Beowulf: Translations by S. A. J. Bradley (1995)

Click for a larger version (900 pixels high) Anglo-Saxon Poetry [pages 405-494]. Everyman, Charles E. Tuttle, Vermont, 1995. ISBN: 0-460-87507-8.
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[lines 194-224a in section III and 8th line from the bottom of folio 134r to 4th line from the bottom of folio 134v on Kevin S. Kiernan's Electronic Beowulf CD] Images of the original manuscript text of this section, and an mp3 file of Ben Slade reading it in Old English, are here.

    {Beowulf hears about Grendel and decides to travel from his home in Geatland (southern Sweden) to Heorot (in northeast Denmark) to see if he can help out. }

     -- until a thane of Hygelac, a worthy man, heard in his homeland among the Geats of Grendel's doings. He, Beowulf, was in strength the sturdiest of humankind at that time in this mortal existence, nobly born and of a physique beyond the ordinary. He ordered a good sea-going boat to be prepared for him. He declared that he wanted to go seeking the warrior-king, the famed prince, across the swan-road, since he was in need of men. Men of wisdom hardly cavilled at him over that expedition, though he was dear to them; they encouraged him in his braveness of purpose and watched for the favourable signs. The worthy man had chosen soldiers out of the keenest that he could find among the Geatish people. As one of fifteen, he made his way to the timbered vessel; the man, being a person familiar with the ocean, led them to the limits of the land.

     Time passed on. The buoyant vessel was waiting on the waves in the lee of the land. Accoutred heroes stepped aboard the prowed ship -- the currents swirled, sea against sand -- into the ship's hold soldiers carried gleaming pieces of equipment, magnificent fighting-gear. The men pushed off their boat of braced timbers upon that willing enterprise. Then the buoyant vessel with foam about its neck set off across the heaving ocean, exhilarated by the wind just like a bird, until at the due time on the second day the ship with curved prow had made such progrss that the voyagers spied land, the coastal promontories gleaming, steep cliffs, wide headlands. So, with the ending of the voyage, the ocean had been successfully navigated.

[lines 791-819a in section XII and 8th line from the top of folio 147r to 13th line from the top of folio 147v on Kevin S. Kiernan's Electronic Beowulf CD] Images of the original manuscript text of this section, and an mp3 file of Ben Slade reading it in Old English, are here.

    {At this moment Beowulf and Grendel are fighting and Grendel is howling and screaming and wishing to escape but Beowulf has grabbed Grendel's arm and is using his incredible hand-strength to hold on to him. }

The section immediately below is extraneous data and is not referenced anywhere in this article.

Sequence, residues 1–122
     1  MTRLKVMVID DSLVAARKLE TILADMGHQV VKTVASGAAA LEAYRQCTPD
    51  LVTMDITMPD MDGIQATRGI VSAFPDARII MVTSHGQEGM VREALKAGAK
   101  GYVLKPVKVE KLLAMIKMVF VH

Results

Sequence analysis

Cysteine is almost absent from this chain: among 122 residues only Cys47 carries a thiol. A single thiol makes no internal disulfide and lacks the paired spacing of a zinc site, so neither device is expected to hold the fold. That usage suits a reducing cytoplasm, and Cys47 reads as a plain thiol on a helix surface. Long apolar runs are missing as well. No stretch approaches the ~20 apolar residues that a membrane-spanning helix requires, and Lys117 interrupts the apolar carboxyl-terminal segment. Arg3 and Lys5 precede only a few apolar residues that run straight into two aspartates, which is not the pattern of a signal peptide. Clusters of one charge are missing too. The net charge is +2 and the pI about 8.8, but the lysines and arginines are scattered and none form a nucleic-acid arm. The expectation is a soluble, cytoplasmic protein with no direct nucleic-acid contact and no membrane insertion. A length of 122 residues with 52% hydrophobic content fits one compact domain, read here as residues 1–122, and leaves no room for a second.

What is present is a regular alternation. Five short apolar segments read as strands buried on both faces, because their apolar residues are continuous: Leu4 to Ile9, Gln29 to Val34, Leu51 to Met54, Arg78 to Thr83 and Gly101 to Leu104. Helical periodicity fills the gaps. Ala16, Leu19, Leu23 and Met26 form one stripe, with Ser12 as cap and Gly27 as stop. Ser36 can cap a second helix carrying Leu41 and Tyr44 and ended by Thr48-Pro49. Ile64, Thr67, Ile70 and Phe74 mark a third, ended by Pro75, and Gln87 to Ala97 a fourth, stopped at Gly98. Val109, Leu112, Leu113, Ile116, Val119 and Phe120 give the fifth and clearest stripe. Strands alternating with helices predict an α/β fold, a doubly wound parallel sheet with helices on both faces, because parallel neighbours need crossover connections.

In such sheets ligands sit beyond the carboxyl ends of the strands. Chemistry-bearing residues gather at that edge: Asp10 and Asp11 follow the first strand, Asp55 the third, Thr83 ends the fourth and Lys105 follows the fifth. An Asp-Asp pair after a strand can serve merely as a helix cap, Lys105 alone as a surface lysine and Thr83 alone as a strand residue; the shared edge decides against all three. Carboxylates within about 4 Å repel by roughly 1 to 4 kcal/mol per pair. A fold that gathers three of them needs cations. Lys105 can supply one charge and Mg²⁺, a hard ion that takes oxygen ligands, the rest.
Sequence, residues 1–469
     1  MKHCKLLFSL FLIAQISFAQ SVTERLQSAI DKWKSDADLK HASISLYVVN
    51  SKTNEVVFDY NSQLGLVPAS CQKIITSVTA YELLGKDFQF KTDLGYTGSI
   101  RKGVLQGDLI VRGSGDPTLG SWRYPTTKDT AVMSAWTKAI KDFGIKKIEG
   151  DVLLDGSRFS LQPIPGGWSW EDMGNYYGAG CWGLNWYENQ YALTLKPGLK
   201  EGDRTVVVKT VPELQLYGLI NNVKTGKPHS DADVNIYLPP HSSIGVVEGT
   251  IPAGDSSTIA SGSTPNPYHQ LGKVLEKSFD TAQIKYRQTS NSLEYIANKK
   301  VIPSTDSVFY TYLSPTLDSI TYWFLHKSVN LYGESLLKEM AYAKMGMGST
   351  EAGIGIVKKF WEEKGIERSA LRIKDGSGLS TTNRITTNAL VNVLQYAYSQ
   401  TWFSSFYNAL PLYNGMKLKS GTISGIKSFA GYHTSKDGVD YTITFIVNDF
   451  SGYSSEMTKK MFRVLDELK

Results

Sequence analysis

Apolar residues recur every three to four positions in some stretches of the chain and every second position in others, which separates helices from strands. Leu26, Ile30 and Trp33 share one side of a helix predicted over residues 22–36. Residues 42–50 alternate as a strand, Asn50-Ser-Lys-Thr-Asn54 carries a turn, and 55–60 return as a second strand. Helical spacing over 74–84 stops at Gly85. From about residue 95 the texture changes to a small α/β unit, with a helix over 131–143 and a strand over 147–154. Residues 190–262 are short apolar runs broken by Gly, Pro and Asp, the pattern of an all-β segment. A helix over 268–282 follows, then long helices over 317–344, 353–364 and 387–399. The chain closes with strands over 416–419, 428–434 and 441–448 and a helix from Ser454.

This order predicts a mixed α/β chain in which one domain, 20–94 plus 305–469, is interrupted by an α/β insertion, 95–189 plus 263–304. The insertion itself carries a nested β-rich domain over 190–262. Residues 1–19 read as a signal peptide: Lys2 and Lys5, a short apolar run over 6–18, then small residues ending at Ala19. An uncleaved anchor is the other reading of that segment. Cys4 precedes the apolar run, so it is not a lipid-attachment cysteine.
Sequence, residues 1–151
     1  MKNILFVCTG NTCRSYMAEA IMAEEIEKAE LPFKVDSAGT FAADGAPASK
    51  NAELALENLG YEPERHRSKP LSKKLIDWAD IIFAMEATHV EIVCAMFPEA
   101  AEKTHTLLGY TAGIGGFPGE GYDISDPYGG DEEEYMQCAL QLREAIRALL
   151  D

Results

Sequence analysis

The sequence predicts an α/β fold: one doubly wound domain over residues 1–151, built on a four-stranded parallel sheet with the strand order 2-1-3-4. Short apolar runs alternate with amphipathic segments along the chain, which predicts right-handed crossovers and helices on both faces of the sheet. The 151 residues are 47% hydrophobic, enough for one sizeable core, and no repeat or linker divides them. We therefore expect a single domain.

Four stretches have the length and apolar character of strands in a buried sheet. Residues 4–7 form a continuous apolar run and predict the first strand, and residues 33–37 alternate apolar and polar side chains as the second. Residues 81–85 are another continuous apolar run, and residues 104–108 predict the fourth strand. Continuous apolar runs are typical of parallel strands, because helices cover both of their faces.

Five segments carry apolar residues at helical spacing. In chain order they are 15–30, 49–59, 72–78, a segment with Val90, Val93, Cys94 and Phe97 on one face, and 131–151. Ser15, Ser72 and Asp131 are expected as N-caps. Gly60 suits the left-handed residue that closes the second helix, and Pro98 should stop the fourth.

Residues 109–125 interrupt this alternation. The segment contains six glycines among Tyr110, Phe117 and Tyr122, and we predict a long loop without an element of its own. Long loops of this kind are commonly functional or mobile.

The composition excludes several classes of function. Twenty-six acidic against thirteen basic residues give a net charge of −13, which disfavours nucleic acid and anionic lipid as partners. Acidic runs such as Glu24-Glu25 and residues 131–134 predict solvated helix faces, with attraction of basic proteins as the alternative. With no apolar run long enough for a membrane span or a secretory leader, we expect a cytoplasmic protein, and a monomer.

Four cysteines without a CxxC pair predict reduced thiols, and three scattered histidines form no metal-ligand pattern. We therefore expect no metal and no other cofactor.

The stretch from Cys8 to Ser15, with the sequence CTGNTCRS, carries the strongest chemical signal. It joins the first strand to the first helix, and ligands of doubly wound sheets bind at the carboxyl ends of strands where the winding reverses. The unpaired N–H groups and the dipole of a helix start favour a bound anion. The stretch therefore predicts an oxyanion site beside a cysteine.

Beowulf, shelterer of earls, was not willing on any account to release the murderous intruder alive for he did not reckon that the days of his life were to anyone's advantage. Repeatedly, one of Beowulf's earls would draw his ancient sword there, wanting to protect the life of their lord and famed prince wherever they could. There was something they did not know when they joined in the struggle, those sternly motivated fighting-men, and thought to chop at him from every side and seek his life: no battle-blade nor any iron sword, not the choicest on earth, would touch that evil spoiler, for he had made himself impervious by magic to weapons customarily victorious, to any sword whatever -- yet his severance from life at that time in this mortal existence was to be a wretched one and this alien was to journey far away into the power of devils.

     Then he who hitherto perpetrated much heartfelt affliction and violence against humankind -- he being antagonistic towards God -- found that his body would not perform for him, for Hygelac's courageous kinsman was restraining him by means of his hands. Each was loathsome to the other as long as he remained alive. The terrible monster suffered a bodily wound -- in his shoulder a great lesion became conspicuous. The sinews were snapping apart, his joints were bursting. To Beowulf was granted the battle-triumph;

[lines 1537-1569 in sections XXII and XXIII and 5th line from the bottom of folio 163v, through folio 164r to 4th line from the top of folio 164v on Kevin S. Kiernan's Electronic Beowulf CD] Images of the original manuscript text of this section, and an mp3 file of Ben Slade reading it in Old English, are here. Note: there is a discussion of the word eaxle in line 1537a on my page on Shoulder Grabbing vs. Hair Pulling

    {At this moment Beowulf has just failed to hurt Grendel's mother with the sword Hrunting and he tries to wrestle her as he had done with Grendel. }